Where healthtech tools fall short of satisfying patients

Steven Loeb · September 19, 2019 · Short URL: https://vator.tv/n/4ebc

Kaiser Ventures, Evidation Health, Doctor on Demand, Express Care weigh in

Doctors and VCs took a deep dive during a discussion about the role technology plays in the life of the doctor, and if their lives are actually becoming better because of it. The next logical question was: does that then translate into a better experience for the patient?

The topic was broached during the first panel of the night, moderated by Dr. Archana Dubey (Global Medical Director, HP), and Bambi Francisco Roizen (Founder and CEO, Vator), with panelists Michael D. Abramoff (CEO & Founder, IDx), Dr. Aswin Chandrakantan (Chief Medical Officer & SVP Corporate Development, Komodo Health), Liz Rockett (Partner, Kaiser Permanente Ventures),  David McAughan (COO, Providence Express Care), Drew Oetting (Founding Partner, 8VC). 

The event was the latest in the Invent Health series, hosted by Vator, UCSF Health Hub and HP. The topic: Reinventing the Doctor.

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At one point Francisco asked McAughan how he was trying to make it easier for patients to navigate through the healthcare system, which he said is "a tough problem."

System navigates patients to highest cost of care

"As clinical options expand significantly, whether that’s through formats of clinics or through technology solutions that are out there, it’s not making our lives easier, and it’s certainly not making it less expensive. We’re actually adding costs into the system because we haven't solved how to navigate patients to the lowest cost of care that meets the needs that patient has. So, they end up finding places that are higher cost or less convenient or certainly not the place where we want them. The worst place they land is in the emergency department," he said.

McAughan's background, he noted, is "largely in the idea of creating consumer services in a value positioning," and what he sees happening now in healthcare is "a real void in terms of educating patients to where the healthtech systems are actually moving to."

"They’re still behaving against a prior generation health system, and we’re really struggling to get them where we want them to be. So, I don’t know what the answer is around it but it’s hard to get patients self-navigating to the place that actually makes the most sense for them. They have a tendency to fall back on things that they know." 

Another issue he called out is that "tools are not as simple and easy as they need to be to make the adoption level as high as it should be."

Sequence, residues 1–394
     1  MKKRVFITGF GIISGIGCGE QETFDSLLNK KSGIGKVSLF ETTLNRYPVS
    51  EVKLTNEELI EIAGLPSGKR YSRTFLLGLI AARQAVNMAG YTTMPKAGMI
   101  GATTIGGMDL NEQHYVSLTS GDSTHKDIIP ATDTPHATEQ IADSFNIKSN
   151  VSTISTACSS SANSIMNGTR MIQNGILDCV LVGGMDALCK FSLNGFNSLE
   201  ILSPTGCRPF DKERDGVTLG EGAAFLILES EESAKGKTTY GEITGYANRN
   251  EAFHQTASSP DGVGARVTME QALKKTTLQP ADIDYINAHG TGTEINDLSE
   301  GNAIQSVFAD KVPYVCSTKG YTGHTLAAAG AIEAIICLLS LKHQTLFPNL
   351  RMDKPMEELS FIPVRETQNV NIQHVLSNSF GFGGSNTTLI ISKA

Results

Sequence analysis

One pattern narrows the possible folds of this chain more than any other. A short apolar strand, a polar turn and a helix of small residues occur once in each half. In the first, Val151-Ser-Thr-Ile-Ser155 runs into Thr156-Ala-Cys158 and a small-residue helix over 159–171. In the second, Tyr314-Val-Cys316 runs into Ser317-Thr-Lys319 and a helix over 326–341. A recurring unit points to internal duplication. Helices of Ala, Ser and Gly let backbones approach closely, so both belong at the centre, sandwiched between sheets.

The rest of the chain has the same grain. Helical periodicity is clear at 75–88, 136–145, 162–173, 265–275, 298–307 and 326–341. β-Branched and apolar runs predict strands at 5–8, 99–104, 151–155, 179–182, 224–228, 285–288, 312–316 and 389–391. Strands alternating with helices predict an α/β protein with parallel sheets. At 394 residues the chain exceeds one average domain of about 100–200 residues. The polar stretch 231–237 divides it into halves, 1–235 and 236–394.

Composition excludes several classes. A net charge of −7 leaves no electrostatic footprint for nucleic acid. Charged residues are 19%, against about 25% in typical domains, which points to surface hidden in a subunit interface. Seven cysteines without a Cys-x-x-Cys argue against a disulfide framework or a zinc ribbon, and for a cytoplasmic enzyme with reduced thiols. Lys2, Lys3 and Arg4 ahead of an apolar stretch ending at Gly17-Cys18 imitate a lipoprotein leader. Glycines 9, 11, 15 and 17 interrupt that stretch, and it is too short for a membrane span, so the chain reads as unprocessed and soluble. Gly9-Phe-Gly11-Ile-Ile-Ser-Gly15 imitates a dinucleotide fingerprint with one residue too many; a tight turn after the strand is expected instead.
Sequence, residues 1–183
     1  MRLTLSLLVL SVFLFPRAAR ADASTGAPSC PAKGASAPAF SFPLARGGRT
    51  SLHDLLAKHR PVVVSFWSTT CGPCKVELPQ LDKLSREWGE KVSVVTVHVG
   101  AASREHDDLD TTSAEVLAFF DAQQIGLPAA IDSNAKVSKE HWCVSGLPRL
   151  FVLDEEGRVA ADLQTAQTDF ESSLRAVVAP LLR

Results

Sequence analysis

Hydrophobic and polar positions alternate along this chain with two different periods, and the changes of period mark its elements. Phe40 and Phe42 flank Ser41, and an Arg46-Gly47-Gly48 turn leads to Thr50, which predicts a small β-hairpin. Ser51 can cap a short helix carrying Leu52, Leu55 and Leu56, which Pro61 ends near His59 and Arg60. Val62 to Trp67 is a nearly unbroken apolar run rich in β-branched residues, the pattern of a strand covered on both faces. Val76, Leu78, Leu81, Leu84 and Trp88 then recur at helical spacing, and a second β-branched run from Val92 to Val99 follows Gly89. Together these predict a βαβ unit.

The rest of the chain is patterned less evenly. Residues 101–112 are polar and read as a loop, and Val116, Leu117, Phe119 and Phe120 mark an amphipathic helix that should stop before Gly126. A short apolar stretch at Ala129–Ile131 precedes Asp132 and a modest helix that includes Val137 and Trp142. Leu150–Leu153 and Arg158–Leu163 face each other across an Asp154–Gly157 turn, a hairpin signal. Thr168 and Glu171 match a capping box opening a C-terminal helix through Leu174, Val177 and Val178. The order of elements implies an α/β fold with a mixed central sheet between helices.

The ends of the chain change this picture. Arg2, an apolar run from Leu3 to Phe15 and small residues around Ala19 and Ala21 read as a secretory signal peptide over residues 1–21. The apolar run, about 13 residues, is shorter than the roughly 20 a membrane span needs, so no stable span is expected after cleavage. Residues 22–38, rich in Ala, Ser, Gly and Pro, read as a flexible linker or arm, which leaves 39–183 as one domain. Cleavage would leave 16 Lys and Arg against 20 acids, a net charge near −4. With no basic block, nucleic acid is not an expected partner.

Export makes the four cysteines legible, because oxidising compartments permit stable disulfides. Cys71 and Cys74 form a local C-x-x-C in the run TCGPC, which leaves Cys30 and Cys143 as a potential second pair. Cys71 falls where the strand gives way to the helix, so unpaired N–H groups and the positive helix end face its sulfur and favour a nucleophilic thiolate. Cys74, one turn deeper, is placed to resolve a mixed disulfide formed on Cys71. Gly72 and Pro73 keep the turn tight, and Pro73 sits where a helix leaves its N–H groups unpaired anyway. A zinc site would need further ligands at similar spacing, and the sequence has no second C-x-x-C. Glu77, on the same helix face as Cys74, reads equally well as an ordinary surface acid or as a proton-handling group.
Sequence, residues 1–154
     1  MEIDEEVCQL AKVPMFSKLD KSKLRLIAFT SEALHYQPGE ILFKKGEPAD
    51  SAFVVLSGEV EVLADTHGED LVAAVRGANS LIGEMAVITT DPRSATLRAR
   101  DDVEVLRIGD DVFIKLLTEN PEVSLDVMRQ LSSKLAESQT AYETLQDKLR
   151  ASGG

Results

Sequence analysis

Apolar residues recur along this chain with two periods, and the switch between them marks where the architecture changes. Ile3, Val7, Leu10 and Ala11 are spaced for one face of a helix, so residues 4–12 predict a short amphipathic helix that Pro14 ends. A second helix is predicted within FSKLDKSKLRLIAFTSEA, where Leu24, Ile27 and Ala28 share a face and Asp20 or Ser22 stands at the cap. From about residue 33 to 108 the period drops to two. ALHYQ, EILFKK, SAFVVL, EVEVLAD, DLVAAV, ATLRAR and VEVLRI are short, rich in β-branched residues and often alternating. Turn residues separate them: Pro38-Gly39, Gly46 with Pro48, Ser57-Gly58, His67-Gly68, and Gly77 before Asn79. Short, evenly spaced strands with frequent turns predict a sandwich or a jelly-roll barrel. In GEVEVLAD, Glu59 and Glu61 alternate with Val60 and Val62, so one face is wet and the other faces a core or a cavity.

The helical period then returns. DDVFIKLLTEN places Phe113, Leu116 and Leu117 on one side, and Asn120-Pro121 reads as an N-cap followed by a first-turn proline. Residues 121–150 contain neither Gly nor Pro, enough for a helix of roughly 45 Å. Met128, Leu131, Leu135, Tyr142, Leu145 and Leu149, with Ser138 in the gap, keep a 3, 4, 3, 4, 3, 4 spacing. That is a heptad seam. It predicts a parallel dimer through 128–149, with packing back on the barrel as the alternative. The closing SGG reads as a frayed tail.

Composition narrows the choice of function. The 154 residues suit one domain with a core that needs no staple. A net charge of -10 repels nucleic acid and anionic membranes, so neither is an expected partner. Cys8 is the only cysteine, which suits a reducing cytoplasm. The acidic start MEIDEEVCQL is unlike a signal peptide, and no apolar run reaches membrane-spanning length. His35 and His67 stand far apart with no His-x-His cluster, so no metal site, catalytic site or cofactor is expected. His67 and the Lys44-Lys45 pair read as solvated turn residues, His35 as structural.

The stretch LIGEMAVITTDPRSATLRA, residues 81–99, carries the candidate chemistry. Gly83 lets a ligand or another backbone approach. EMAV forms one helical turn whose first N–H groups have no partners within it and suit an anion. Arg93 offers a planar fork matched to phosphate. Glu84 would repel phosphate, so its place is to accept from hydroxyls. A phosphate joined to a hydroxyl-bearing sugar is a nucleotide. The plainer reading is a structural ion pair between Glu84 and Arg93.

"Most of us, and I’m talking mostly about a largely healthy population, who needs episodic care versus someone who has real significant health issues, that health application, due to the fact that you’re not using it very often, it’s not something that has the utility value, necessarily, of all that period of time between when you need care. So, you don’t necessarily think of it top of mind when you go to my health app to navigate me to a doctor without increasing the utility value add and creating the incentives to actually let me in," he said.

Kaiser's Liz Rockett also addressed this topic, telling a story about when she first moved to the Bay Area and woke up with a swollen eye. What saved her from having to go to the emergency room was that Kaiser Permanente had a feature that allowed patients to email their doctor.

"The thing that I appreciated since then is that to email your doctor, and for Kaiser Permenente to offer that to me in the moment of, ‘Please don’t make me go to the emergency room,’ it required so much workflow and process change and that was from a leadership commitment level. Email is not difficult technology, right? My step-son can create an email. And the coding is not complicated," she said.

"The workflow is legitimately difficult and takes both agreement from all the practicing physicians, the care teams that work around them, thinking through how they’re going to create time and space and capacity for this. The leadership commitment to it, certainly we have the benefit of in-house payment mechanisms that, even within our own walls, that can get complicated and figuring all that out can be quite challenging. But that workflow piece is real; it’s not just that, the access is not ever just about technology, it’s more of the figuring out network flow." 

There's a tendency, however, to dismiss new technologies because of difficult it is to get that workflow right, she said, and also because it's so difficult to get patients to use it. The trick, she noted, is to make it as simple as possible for the patient. In Colorado, for example, members would go to the Kaiser Permanente website and see a little icon that says, "Chat with a doctor."

"Where we had banner ads everywhere for video visits with physicians and all the rest of it and very low traction, we had also 'chat with a doctor,' and the amount of traffic that instantly came through. Nobody had the question of what’s about to happen. ‘I click the button, I’m at some point going to be connected with a doctor. And if it’s fast I’m really going to like it.’ There’s not a lot of questioning and I think that that has been another interesting lesson for our organization, that when it comes to some of these reinventing the medical practice, you have to also think about just putting out little tests to watch for the desire, because patients will show you what they like to do if you can just give them that opportunity," Rockett said.